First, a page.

rl in other languages

Carl Mills Carl.Mills at UC.EDU
Thu Dec 7 14:29:34 UTC 1995

McConvell's description of r/l alternation in Pama-Nyungan languages,
particularly the retroflex lateral that they designate rl, has an
interesting parallel in some dialects of Norwegian.  According to Ernst
Haakon Jahr (personal communication), some dialects of Norwegian,
especially some working class Oslo dialects have a sound very similar to
the retroflex lateral that McConvell describes.  Jahr describes the
Norwegian version of rl as a "voiced lateral flap."  To me, a speaker of
Norwegian as a second language, the examples that I have heard sound
like the sound Jahr describes.

Obviously, I would like to know more about the articulation of rl in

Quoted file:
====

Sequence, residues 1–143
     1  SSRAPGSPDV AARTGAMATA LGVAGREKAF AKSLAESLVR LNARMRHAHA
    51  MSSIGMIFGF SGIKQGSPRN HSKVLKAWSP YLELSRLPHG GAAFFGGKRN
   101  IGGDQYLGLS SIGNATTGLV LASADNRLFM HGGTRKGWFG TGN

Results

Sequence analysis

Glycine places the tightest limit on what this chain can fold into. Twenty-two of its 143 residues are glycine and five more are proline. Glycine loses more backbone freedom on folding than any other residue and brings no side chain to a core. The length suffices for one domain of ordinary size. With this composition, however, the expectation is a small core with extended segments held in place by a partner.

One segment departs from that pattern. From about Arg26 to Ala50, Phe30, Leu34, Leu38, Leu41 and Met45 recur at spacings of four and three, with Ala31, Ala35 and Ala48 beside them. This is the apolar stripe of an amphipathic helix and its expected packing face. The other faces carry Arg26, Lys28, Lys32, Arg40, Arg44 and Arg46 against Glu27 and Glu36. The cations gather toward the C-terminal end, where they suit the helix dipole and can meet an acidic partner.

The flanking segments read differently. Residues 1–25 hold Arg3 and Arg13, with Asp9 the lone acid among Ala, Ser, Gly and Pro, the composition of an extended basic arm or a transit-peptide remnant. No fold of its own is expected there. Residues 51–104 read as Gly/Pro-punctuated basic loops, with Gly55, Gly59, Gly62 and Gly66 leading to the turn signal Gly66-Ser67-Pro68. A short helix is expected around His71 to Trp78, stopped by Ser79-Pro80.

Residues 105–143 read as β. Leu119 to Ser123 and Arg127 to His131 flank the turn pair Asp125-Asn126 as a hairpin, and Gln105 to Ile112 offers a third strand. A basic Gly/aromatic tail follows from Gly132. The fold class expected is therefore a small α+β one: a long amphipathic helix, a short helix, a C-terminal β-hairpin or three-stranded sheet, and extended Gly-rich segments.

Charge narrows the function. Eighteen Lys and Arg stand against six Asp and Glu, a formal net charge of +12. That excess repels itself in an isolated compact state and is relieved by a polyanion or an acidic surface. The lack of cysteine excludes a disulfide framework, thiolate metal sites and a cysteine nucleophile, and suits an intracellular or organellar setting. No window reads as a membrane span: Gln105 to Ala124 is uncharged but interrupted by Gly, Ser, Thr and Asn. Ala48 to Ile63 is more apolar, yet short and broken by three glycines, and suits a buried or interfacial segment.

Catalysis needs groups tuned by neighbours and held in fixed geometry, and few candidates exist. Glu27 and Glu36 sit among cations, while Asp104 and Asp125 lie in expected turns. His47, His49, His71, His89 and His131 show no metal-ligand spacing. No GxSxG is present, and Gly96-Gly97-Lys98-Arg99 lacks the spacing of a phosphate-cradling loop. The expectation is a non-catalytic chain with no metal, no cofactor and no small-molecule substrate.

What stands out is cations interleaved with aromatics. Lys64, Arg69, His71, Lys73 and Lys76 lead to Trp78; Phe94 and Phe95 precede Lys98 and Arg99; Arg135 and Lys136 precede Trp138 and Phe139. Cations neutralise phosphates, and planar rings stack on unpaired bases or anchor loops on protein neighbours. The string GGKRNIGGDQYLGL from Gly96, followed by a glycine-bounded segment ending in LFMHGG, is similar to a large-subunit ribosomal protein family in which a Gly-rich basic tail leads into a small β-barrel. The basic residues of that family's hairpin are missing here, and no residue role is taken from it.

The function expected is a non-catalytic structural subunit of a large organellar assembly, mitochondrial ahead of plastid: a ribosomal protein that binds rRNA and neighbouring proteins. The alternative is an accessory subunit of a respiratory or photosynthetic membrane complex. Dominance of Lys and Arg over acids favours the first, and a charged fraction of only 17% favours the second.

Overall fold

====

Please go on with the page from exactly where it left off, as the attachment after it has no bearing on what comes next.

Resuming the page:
Pama-Nyungan languages.  McConvell's posting contrasts "r [which] is a
retroflex glide . . . [with] rr an alveolar tap also found in most
Australian languages.  McConvell implies that rl is not a tap or flap,
which would make it different from the Norwegian retroflex lateral flap,
but the description is not clear at that point in the Funknet posting.
More articulatory information on rl would help.

All the examples of Norwegian rl that I have come across indicate that
it results from l--->rl:  rl appears where other Norwegian dialects have
/l/.  I am aware of no r--->rl or rl--->r changes in Norwegian.  But
then again, I am not a native speaker.

Interestingly, the Norwegian retroflex lateral flap is heavily
stigmatized, yet it seems to have persisted for quite some time.

Carl Mills

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